A frontier town in the Old West springs up almost literally overnight when the rather klutzy and hotheaded Prudy Perkins discovers gold in a grave during a funeral. Her father Olly becomes mayor of the new settlement. He and the other members of the town council bemoan the twin facts that the place has become a drunken round-the-clock free-for-all, and that in order to ship out all the gold they are mining, they must pay a hefty fee to the Danbys, a family of ranchers/bandits who control the only route out of town. Most people are too busy digging to take time out to be sheriff, and those who are willing to put down their shovel quickly die.
This all changes with the arrival in town of Jason McCullough, a calm and hyper-competent man from "back East" who is passing through town "on his way to Australia." While in the town saloon, he sees young Joe Danby gun a man down, essentially for fun. Needing money after discovering the town's ruinious rate of inflation, McCullough demonstrates his uncanny firearms ability to the mayor and town council, and becomes the new sheriff. He breaks up a street brawl and while at the Perkins house meets Prudy under (for her) mortifyingly embarrassing circumstances. McCullough then arrests Joe and tosses him in the town jail, which has everything a sheriff needs - except iron bars for the cell doors and windows. McCullough keeps the none-too-bright Joe "imprisoned" through the use of a chalk line, some dribbles of red paint, and applied psychology.
In the process of all this, McCullough acquires a semi-willing deputy in the form of the extremely scruffy Jake, who was previously nothing more than the "town character." The arrest ignites the wrath of the patriarch of the Danby family; while the rest of the town immediately quiets down under McCullough's reign, "Pa" mounts various efforts to get Joe out of jail. None of them work and he then brings in a string of hired guns, who are equally unsuccessful. Meanwhile, Prudy spars romantically with McCullough, McCullough and Jake go on an unsuccessful search for gold, and, much to Joe's relief, bars are finally installed in the jail.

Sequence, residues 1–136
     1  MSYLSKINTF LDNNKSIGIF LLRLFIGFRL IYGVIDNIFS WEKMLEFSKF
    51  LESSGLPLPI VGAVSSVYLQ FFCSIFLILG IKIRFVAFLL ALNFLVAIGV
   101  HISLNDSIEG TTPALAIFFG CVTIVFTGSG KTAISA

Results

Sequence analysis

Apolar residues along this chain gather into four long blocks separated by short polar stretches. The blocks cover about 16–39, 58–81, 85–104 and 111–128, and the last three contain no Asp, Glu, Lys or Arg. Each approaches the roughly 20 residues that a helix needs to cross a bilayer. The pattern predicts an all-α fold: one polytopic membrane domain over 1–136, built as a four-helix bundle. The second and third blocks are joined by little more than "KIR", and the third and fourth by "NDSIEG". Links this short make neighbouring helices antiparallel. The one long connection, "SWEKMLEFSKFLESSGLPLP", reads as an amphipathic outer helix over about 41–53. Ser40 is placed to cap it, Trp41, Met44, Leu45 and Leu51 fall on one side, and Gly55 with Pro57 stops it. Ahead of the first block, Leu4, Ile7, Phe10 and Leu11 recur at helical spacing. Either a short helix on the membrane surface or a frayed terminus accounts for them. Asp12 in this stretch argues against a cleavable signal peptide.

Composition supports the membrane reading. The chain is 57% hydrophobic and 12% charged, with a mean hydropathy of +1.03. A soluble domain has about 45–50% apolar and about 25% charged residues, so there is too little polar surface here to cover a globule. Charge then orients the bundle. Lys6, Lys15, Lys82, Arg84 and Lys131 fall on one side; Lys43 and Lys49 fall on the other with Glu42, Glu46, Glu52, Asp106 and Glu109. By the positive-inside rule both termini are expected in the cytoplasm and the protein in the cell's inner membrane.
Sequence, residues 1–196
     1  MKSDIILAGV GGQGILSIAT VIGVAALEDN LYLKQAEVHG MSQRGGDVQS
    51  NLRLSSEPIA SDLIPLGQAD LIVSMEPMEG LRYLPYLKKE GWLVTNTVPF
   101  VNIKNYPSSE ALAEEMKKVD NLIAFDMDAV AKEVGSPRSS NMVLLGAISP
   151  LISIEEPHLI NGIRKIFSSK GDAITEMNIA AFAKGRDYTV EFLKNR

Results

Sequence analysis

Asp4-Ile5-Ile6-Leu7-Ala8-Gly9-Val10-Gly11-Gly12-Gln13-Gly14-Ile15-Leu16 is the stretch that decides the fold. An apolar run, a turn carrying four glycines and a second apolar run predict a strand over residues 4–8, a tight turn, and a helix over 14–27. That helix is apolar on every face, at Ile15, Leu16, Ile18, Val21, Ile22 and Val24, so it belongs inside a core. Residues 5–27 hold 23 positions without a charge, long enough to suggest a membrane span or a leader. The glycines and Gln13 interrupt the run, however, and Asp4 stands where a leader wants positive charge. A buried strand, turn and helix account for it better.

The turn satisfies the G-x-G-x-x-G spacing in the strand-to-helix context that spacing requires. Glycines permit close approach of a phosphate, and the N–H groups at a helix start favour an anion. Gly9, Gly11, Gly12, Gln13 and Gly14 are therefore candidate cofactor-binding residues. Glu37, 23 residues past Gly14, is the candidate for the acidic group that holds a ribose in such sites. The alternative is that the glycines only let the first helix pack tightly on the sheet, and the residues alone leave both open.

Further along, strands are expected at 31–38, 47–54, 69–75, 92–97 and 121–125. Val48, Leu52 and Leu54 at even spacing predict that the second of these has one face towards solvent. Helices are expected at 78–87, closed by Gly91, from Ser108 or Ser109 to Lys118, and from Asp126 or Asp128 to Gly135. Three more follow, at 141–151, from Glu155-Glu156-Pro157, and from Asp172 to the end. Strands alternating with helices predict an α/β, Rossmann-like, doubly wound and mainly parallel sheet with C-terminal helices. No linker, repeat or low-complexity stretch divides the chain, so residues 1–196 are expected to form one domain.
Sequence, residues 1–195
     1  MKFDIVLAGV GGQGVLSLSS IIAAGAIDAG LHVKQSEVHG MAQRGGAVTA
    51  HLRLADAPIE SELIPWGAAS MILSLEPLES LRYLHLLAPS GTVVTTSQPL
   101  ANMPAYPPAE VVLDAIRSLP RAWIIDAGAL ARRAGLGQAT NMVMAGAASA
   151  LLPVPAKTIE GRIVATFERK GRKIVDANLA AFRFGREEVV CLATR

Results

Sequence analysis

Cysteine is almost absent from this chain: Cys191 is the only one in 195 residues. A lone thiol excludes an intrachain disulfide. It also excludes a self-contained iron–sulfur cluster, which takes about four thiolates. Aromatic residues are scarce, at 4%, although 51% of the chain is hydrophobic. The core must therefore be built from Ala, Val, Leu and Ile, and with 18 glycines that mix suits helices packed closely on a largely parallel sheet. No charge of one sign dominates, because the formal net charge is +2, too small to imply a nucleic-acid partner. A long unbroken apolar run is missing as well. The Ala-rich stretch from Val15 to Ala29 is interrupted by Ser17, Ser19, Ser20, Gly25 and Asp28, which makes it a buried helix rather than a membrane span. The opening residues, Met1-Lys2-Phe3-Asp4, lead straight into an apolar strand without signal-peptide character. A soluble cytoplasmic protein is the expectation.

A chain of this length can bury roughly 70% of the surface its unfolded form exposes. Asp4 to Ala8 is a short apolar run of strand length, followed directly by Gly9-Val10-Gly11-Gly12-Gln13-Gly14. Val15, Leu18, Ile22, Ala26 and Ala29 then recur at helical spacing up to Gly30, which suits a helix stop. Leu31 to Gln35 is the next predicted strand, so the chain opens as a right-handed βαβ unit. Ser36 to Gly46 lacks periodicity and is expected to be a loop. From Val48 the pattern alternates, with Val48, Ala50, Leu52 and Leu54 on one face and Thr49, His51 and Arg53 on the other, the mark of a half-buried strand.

The climax of the film sees Pa Danby summoning scores of his relatives to launch an all-out assault. The sheriff's first impulse is to just leave town and resume his trip to Australia, but when Prudy expresses her sincere approval of this sensible idea, he announces that it sounds cowardly and decides to stay. The rest of the townfolk announce their disapproval of his new plan, and officially vote to not help in any way. Thus the Danby mob rides in faced only by McCullough, Jake and Prudy. After a lengthy gunfight, McCullough bluffs his way to victory using hostage Joe and the cannon mounted in the center of town. As the Danbys are all marched off to jail, the cannon fires, smashing the town brothel and scattering the resident prostitutes and visting civic leaders. McCullough makes his peace with the townfolk, he and Prudy get engaged, and he carries her home. In a closing monologue, Jake directly informs the audience that they get married and McCullough goes on to become governor of the state, while he, Jake, becomes sheriff and then "one of the most beloved characters in western folklore."